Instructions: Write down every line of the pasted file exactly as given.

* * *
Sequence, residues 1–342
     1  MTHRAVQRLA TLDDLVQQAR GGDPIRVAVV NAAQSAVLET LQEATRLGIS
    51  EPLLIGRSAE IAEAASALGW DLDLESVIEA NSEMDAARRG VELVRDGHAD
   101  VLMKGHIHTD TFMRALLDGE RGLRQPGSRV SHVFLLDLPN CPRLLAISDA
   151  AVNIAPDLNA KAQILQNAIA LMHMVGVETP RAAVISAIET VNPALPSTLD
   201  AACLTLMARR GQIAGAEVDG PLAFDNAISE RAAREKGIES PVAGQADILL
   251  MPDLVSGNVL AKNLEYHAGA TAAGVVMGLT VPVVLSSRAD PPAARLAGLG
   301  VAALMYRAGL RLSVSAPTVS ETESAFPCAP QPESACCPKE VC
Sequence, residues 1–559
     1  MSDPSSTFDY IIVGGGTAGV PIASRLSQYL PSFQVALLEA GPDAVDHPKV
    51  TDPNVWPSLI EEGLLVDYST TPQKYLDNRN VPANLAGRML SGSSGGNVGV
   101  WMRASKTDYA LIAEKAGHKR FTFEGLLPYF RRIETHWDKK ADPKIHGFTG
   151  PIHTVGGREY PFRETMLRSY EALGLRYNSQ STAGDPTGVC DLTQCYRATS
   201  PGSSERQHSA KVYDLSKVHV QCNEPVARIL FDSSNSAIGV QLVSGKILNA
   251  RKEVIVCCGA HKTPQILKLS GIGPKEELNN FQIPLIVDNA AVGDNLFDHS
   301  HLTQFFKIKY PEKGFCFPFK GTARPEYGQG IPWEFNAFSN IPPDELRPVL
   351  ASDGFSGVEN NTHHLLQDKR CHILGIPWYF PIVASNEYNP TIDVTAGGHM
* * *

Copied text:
Sequence, residues 1–342
     1  MTHRAVQRLA TLDDLVQQAR GGDPIRVAVV NAAQSAVLET LQEATRLGIS
    51  EPLLIGRSAE IAEAASALGW DLDLESVIEA NSEMDAARRG VELVRDGHAD
   101  VLMKGHIHTD TFMRALLDGE RGLRQPGSRV SHVFLLDLPN CPRLLAISDA
   151  AVNIAPDLNA KAQILQNAIA LMHMVGVETP RAAVISAIET VNPALPSTLD
   201  AACLTLMARR GQIAGAEVDG PLAFDNAISE RAAREKGIES PVAGQADILL
   251  MPDLVSGNVL AKNLEYHAGA TAAGVVMGLT VPVVLSSRAD PPAARLAGLG
   301  VAALMYRAGL RLSVSAPTVS ETESAFPCAP QPESACCPKE VC
Sequence, residues 1–559
     1  MSDPSSTFDY IIVGGGTAGV PIASRLSQYL PSFQVALLEA GPDAVDHPKV
    51  TDPNVWPSLI EEGLLVDYST TPQKYLDNRN VPANLAGRML SGSSGGNVGV
   101  WMRASKTDYA LIAEKAGHKR FTFEGLLPYF RRIETHWDKK ADPKIHGFTG
   151  PIHTVGGREY PFRETMLRSY EALGLRYNSQ STAGDPTGVC DLTQCYRATS
   201  PGSSERQHSA KVYDLSKVHV QCNEPVARIL FDSSNSAIGV QLVSGKILNA
   251  RKEVIVCCGA HKTPQILKLS GIGPKEELNN FQIPLIVDNA AVGDNLFDHS
   301  HLTQFFKIKY PEKGFCFPFK GTARPEYGQG IPWEFNAFSN IPPDELRPVL
   351  ASDGFSGVEN NTHHLLQDKR CHILGIPWYF PIVASNEYNP TIDVTAGGHM